OSLO, Nov 10 (Reuters) – Saudi Arabia, the world's largest crude oil exporter, plans to diversify its economy to help combat climate change in a move that could reduce expected output of up to 130 million tonnes of carbon emissions a year by 2030, the government said on Tuesday.
OPEC member Saudi Arabia is the last of the Group of 20 major economies to submit a plan to the United Nations before a summit in Paris from Nov. 30-Dec. 11 about ways to slow global warming.
It said it was aiming "to achieve mitigation co-benefits ambitions of up to 130 million tons of carbon dioxide equivalent avoided by 2030 annually through contributions to economic diversification and adaptation," it said.
Saudi Arabia did not give details of its current emissions. The World Resources Institute think-tank estimates that Saudi Arabia emits 527 million tonnes of carbon dioxide a year, or 1.22 percent of the world total.
The mere submission of a plan by Saudi Arabia is a positive sign for a deal in Paris. About 160 nations have issued national plans, meant to combat heatwaves, floods, droughts, and rising sea levels.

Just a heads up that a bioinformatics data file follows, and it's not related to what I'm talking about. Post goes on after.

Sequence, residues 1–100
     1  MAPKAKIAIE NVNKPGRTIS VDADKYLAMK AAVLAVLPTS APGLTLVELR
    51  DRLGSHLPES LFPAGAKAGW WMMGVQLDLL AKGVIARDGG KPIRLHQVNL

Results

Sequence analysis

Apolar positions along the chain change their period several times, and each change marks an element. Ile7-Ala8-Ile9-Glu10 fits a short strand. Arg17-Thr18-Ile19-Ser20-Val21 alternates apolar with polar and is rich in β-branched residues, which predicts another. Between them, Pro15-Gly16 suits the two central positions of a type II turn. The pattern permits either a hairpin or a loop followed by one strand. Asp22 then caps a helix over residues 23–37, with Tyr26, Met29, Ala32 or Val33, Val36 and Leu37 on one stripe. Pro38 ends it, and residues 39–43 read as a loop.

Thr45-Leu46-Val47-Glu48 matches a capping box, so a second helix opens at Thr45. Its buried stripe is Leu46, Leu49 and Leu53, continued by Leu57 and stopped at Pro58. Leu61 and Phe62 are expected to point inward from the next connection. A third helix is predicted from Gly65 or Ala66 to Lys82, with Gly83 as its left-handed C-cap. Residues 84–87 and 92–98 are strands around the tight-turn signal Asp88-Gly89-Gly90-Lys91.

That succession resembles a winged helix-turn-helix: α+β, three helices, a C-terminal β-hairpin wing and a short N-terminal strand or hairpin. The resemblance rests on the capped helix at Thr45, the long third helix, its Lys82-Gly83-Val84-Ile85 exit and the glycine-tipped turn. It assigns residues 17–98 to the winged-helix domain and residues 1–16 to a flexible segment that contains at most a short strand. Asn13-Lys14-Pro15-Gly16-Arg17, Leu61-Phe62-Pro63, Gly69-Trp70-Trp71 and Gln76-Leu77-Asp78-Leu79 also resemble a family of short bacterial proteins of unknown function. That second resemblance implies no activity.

Saudi Arabia said its plan was based on a scenario in which it would diversify the economy with a "robust contribution" from export earnings from oil and derivatives.
Earnings would be channelled into lower emission sectors "such as financial services, medical services, tourism, education, renewable energy and energy efficiency technology to enhance growth," it said.
An alternative scenario would involve using more oil at home to fuel carbon-intensive industries such as petrochemicals, cement, mining and metal production, it said, thereby increasing domestic rather than overseas emissions.
Saudi Arabia said it reserves the right to update its plan.
It said it plans to use energy more efficiently and invest in solar, wind, geothermal and waste generation.
Saudi Arabia said it was planning to build a plant capturing and using 1,500 tonnes of carbon dioxide a day for use in other petrochemical plants. It would operate a pilot plant at the Othmaniya oil reservoir.
The government would also encourage investments in exploring and producing natural gas. It would seek to adapt to climate change, with measures ranging from reducing the pace of desertificaition to improving public transport.
(Reporting by Alister Doyle; editing by Jason Neely and Louise Heavens)
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